France and Britain will sign Tuesday a treaty that will see the two countries test the safety of their nuclear arsenals in a joint facility in France, the French presidency announced.
A nuclear simulation centre will be built at Valduc in eastern France, about 45 kilometres (30 miles) northwest of the city of Dijon, and start operating from 2014, the presidency said.
It will enable French and British scientists to model the performances of nuclear materials to ensure the “viability, safety and security in the long term of our nuclear arsenals,” it said.
British Prime Minister David Cameron and French President Nicolas Sarkozy will sign agreements in London Tuesday for unprecedented defence cooperation that will also include the creation of a joint military force and sharing of aircraft carriers.
The Valduc laboratory will work with a French-British research centre based in Aldermaston in southern England, the French presidency said.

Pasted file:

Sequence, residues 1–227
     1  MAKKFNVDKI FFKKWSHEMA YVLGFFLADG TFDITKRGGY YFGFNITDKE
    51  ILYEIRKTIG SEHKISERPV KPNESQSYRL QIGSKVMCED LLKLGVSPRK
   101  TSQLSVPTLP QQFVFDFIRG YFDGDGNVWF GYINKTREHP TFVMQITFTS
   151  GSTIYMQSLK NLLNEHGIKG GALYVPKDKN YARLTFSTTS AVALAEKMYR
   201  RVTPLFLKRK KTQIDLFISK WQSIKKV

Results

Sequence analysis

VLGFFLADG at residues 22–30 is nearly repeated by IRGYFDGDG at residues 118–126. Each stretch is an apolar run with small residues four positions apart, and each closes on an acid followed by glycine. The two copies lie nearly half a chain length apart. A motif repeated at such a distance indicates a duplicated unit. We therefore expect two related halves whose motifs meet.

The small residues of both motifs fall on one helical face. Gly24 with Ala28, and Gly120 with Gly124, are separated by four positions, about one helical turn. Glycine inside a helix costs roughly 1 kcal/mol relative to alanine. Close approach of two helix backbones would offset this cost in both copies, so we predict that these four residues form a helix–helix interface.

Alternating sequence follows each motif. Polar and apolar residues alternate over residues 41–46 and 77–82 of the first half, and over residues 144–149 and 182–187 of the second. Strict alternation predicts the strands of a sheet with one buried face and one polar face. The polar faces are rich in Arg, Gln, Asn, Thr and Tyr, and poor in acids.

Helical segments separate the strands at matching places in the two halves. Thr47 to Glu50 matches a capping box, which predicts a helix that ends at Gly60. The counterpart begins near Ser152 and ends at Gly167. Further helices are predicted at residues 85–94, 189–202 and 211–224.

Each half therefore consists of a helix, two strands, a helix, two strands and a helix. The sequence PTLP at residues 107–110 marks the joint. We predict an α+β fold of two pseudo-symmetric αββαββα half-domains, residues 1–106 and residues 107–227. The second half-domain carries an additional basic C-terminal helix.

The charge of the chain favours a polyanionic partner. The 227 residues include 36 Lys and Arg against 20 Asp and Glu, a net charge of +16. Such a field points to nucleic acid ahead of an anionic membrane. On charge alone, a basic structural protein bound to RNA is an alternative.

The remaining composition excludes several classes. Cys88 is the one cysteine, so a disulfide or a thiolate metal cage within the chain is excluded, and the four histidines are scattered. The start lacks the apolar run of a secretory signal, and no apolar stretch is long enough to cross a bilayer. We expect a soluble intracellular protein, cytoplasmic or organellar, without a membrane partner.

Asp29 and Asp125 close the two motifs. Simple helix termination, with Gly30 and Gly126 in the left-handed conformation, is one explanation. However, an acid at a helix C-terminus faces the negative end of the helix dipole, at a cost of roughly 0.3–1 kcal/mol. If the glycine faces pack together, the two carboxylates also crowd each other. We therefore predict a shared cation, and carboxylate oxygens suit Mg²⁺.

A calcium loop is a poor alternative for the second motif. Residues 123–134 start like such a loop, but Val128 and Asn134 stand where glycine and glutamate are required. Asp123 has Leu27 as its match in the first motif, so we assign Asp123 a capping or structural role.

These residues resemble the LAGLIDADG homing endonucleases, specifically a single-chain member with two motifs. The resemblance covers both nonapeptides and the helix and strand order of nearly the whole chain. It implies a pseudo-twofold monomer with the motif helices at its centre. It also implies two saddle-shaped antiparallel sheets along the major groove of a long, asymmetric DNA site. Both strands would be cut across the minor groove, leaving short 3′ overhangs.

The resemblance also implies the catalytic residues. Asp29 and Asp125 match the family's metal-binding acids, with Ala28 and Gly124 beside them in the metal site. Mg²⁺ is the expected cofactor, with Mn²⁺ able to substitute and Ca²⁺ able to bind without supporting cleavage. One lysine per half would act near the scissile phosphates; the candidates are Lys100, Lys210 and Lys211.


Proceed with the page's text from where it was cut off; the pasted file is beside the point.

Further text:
The cooperation, described as unprecedented, would be conducted “in total respect of the independence of deterrent powers of the two countries,” it said.
A British official said the joint facilities “will combine our scientific and engineering talent, and maximise the mutual economic benefit” while also promising considerable savings as expensive equipment would be shared.
It did not mean however that the countries would share their nuclear secrets, in part because the British and French have different warheads, the official sid.
“We will maintain our independent nuclear deterrent, there won’t be dual keys on nukes. This is about experimentation and ensuring the safety and security of our capabilities,” the official said.